This time, though, I tried to keep things simple. I used a good brand of canned refried black beans, and I used cheese for the filling. I made a very quick and easy tomatillo salsa for an appetizer and an even quicker and easier red tomato sauce to nap on the chiles. I rounded out the meal with a pot of white rice and a simple stewed zucchini with yellow cherry tomatoes and oregano. I forgot to set out the corn tortillas I’d bought, but nobody missed them. Dessert was vanilla ice cream or muskmelon, a cup of coffee, and a sliver of chocolate spiced with cinnamon and cayenne.

Chiles Rellenos
There are four stages: the chiles, the sauce, the filling, and the frying. Finally, we eat!

The Chiles
You can stuff any pepper, but traditional cooks use the poblano. These dark green, glossy triangles are relatively mild and about the size of a fist. Start with more chiles than you’re planning to serve; I promise at least one of them will end up in shreds while you are preparing it. Roast them on a grill or under a broiler, then peel them (here’s how). Find the weakest part of the chile, slit it open lengthwise, and sweep out the seeds and veins, being careful not to tear the flesh. You may need to wipe off your fingers, or your chile, with a towel as you work. Put the cleaned chile on a plate or cookie rack. You can do this a day ahead.

The Sauce
According to Kennedy, rellenos are traditionally heated up in a sauce—essentially, a very simple tomato reduction thinned with chicken broth. I opted to skip the broth and ended up with a tangy and fresh-tasting tomato sauce. You can make this ahead of time.

2 or 3 tomatoes
2 T chopped onion
1 clove garlic, chopped
1-2 T oil
Salt to taste

Put the tomatoes, onion, and garlic in a blender and liquefy. Heat the oil in a well-seasoned skillet. Dump in the tomato mixture and fry until reduced, maybe 5 or 10 minutes. (At this point Kennedy has you add 2 ¼ cups of chicken broth and cook 5 minutes more.) Salt to taste.

The Filling
Recipes abound for the relleno, or stuffing, part of chiles rellenos. You can use seasoned meat, or maybe potatoes and chorizo. I found queso Chihuahua, the quintessential Mexican melting cheese, at the Wedge. Muenster would be the next best choice. I cut it in strips about the size of my index finger. A large poblano will take two or three of these pieces; for a tiny chile, I cut one in half.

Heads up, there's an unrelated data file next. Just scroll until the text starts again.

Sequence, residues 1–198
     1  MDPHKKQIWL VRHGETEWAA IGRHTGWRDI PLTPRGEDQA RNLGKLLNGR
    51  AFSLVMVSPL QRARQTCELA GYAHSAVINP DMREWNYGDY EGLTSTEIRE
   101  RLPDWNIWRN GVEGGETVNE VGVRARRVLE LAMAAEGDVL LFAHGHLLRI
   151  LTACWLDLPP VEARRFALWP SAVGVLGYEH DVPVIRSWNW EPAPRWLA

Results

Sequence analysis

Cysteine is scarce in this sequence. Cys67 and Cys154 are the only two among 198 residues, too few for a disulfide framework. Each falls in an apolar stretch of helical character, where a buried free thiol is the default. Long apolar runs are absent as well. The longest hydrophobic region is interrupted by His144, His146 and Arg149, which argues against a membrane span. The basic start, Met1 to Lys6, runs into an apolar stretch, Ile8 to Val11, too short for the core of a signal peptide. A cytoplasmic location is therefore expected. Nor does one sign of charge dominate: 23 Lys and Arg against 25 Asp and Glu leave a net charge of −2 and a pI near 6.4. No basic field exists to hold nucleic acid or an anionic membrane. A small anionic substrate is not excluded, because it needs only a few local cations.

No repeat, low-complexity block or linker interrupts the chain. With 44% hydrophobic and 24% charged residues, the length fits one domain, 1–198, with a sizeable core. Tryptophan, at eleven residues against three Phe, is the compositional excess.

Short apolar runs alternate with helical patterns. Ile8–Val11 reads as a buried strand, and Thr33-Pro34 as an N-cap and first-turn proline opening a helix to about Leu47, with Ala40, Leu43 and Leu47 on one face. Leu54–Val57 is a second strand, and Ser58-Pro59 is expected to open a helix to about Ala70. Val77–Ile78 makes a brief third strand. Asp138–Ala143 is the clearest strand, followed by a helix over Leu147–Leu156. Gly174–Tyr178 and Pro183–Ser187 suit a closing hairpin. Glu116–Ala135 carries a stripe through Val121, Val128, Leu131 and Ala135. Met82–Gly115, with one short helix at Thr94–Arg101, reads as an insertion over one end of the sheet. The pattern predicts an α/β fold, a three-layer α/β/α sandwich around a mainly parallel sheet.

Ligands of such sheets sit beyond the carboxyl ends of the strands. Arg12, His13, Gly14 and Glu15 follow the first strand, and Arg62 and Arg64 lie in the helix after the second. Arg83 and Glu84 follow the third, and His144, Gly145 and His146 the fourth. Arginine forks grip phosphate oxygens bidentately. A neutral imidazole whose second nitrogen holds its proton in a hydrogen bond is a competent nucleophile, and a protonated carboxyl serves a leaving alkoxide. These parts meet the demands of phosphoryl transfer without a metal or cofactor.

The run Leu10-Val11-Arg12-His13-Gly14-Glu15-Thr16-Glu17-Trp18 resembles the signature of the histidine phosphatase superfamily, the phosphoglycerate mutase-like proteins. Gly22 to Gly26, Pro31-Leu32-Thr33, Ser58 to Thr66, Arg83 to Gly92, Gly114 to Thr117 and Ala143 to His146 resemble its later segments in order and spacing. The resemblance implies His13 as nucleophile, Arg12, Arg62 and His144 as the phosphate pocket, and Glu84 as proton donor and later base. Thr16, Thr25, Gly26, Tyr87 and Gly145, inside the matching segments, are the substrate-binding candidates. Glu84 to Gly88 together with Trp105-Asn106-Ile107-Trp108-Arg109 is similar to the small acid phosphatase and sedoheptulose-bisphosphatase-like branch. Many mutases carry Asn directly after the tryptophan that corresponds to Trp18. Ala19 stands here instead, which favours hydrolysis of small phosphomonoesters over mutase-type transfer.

Put cheese inside the chile, being careful not to tear it. The chile should be nice and full, but the sides of the hole should overlap a bit. If you opt to close the slit with a toothpick, be sure to warn your guests.

The Frying
Cover a plate with several layers of paper towels and put it in the oven at 200° F. Get out a big frying pan and pour in about an inch of oil. Canola is nice. Put the pan on a medium-high burner.

Now make the batter. For every four to six big chiles, get these things:

3 eggs
¼ t salt
⅓ c flour

Separate the eggs. Beat the whites until they are stiff and turning dry. Beat in the yolks, one by one, and the salt.

OK, here we go. It’s showtime. I always get very scared at this point. I’m convinced that the chiles will come apart, stick to the pan, catch on fire, splatter everywhere, or burn black. But not one of those things has ever happened. They always fry up like magic.

Plan to work with one or two chiles at a time. Dredge a chile in flour...

then hold it by its stem and dunk it in the batter.

Gently lay the chile in the hot oil and let it cook golden brown. Use two spatulas to turn it on its side (or flip it right over if it is very small). Fry each chile on all sides...

then remove to the plate to drain.

Hey, look at that! It worked!

Let’s eat!

If you did the broth thing, you can put the rellenos in the sauce and heat them up for five minutes or so. Otherwise, plate ‘em up! Serve each guest one big chile or two smaller ones. You can pool the sauce under them or nap it on top.

¡Buen provecho!